Contreras now shining in spotlight

Contreras grows comfortable under spotlight

CHICAGO -- This is why the Yankees got him. This is why the Red Sox lusted after him. So the big Cuban expatriate could stand on the lip of baseball's biggest stage, ready to set the tone for a World Series.

But when Jose Contreras, the right-hander who sparked the "Evil Empire" trash talk between Boston and New York, finally takes the mound to start a World Series game on Saturday, he will be doing it quite removed from the Eastern front -- whether measured in miles or mental anguish.

Contreras doesn't shy away from his manager's assessment of why he has found profound success on the South Side of Chicago, where winning is a pleasure, not a mandate.

Ozzie Guillen often says, as he did so again Friday morning, that Contreras was "so insecure" in New York.

"Jose, he don't want to let people down," Guillen added. "When he signed a big contract, people talked about how much money he made, he should win every game. And he thought he let a lot of people down."

It's a little different in a place that hasn't flown a World Series championship banner in 88 years. As Paul Konerko noted of the manager, "He'll be the first one to tell you, 'If we just lose, big deal, we tried. Go out, do your best and we'll have a laugh after, either way.'"

In this culture, Contreras said, "I have no pressure, and the confidence is very good. Ozzie and [pitching coach Don] Cooper have helped me very much on the mental side."

Not to say Contreras didn't have to earn that confidence, and it didn't come instantly. In fact, one of this postseason's compelling subplots is his rise to the top of the White Sox exceptional rotation.

With lengthy breaks between series -- three days before the Championship Series, five days before the World Series -- Guillen and Cooper could've lined up their starters any way they chose. But it was Contreras in Game 1 against the Angels, and it will again be him in Game 1 against the Astros.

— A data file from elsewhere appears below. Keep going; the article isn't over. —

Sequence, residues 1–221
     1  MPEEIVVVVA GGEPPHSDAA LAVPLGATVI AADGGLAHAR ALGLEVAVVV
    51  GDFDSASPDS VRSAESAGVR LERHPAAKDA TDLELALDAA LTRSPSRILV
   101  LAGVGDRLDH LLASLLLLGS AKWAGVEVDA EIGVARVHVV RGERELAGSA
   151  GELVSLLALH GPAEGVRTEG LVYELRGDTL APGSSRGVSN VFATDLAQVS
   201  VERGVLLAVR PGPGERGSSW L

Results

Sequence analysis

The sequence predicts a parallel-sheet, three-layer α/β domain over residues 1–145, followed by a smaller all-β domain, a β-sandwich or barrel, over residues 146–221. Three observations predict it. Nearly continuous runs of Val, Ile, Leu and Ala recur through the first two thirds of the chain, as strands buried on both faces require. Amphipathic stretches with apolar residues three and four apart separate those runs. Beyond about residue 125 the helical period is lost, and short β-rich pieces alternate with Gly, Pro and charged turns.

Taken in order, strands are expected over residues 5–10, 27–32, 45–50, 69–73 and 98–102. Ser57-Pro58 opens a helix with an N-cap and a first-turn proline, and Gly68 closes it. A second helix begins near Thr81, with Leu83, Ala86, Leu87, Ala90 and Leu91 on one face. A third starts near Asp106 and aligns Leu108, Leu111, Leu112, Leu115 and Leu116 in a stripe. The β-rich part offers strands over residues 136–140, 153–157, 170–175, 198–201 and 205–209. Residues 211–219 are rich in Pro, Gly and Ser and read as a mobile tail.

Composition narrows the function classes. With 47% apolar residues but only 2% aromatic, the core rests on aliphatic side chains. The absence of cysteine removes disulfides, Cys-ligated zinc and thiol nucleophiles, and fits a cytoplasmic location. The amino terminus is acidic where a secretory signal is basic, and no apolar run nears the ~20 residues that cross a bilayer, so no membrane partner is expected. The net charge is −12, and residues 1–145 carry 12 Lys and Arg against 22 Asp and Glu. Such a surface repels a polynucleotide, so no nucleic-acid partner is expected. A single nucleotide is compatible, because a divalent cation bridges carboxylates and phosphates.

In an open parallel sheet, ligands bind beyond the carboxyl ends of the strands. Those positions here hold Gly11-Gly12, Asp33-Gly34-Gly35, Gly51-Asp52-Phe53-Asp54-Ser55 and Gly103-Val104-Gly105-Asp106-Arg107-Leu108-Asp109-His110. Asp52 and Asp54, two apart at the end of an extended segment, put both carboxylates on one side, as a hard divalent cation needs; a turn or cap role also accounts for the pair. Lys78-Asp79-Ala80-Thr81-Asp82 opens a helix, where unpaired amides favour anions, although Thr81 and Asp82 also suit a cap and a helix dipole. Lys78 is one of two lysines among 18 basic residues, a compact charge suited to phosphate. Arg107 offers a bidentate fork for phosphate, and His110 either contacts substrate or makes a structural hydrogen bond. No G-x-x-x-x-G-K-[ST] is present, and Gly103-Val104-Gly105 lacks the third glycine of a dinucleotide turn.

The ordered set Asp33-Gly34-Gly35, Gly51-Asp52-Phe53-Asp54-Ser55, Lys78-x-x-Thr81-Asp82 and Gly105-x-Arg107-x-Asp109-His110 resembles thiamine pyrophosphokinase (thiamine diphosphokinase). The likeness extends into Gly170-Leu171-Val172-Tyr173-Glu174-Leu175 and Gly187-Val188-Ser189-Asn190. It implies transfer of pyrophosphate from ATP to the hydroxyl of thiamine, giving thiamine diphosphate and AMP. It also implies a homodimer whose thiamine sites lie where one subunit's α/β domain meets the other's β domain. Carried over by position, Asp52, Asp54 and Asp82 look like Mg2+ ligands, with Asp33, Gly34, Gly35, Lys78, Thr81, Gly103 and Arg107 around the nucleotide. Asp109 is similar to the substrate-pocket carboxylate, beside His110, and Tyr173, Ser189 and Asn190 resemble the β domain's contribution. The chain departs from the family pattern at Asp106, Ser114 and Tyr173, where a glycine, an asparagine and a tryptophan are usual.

This is a far cry from his midseason regard, when Chicago was so down on him, he had one foot in the South Side and the other on the outside. Following his first start after the All-Star Game, Contreras was 5-6 with a 4.34 ERA, more confounding to his manager than opposing hitters.

Then he began to buy into Cooper's philosophy: Work fast, throw strikes. And it clicked to the tune of 10 wins in his last 11 decisions, with a shrinking ERA.

"We had a lot of patience with him," Guillen said. "He'd take a lot of heat, I'd take a lot of heat and thank God we stayed with him."

The man who did not have a Major League complete game until his next-to-last start of the season again went the route in his Game 5 clincher against the Angels.

In that gem, Contreras threw 114 pitches. Three months earlier, he needed 116 to navigate 5 2/3 innings against the Red Sox; a month before that, 118 pitches only got him through six against Arizona.

That's the Cooper influence translating into confidence to challenge, not skirt, hitters in the strike zone.

"I just worked more on my mental and physical health," said Contreras, who still shudders when recalling the rumors that hounded him approaching the July 31 trading deadline. "The trade rumors were bothering me."

Their sting was a little too real. Only the year before, the Yankees had sent him here in a pre-deadline deal for Esteban Loaiza, a move which angered Contreras "because I had a lot of friends in New York."

He will be reunited with one of his Bronx buddies on Saturday, but across the great divide of a World Series duel. Roger Clemens, one of Contreras' earliest American mentors, will start Game 1 for Houston.

"Me and Roger had a very good relationship," Contreras said. "He taught me a lot of things. He taught me a couple of pitches -- in Cuba, I was throwing a two-seam fastball, and he taught me how to throw a four-seam fastball.

"We pitch mostly the same way, and just facing him is an honor. As good as he is, I wish I had him on my team, but too bad we have to face him."

It may really be too bad if Contreras loses his ideal release point, or the feel for a particular pitch. He will have one fewer watchdog on his side.

"Every time I did something wrong with my mechanics," Contreras recalled of the 2003 season he spent as Clemens' moundmate, "he helped me correct my errors."

Tom Singer is a reporter for MLB.com. This story was not subject to the approval of Major League Baseball or its clubs.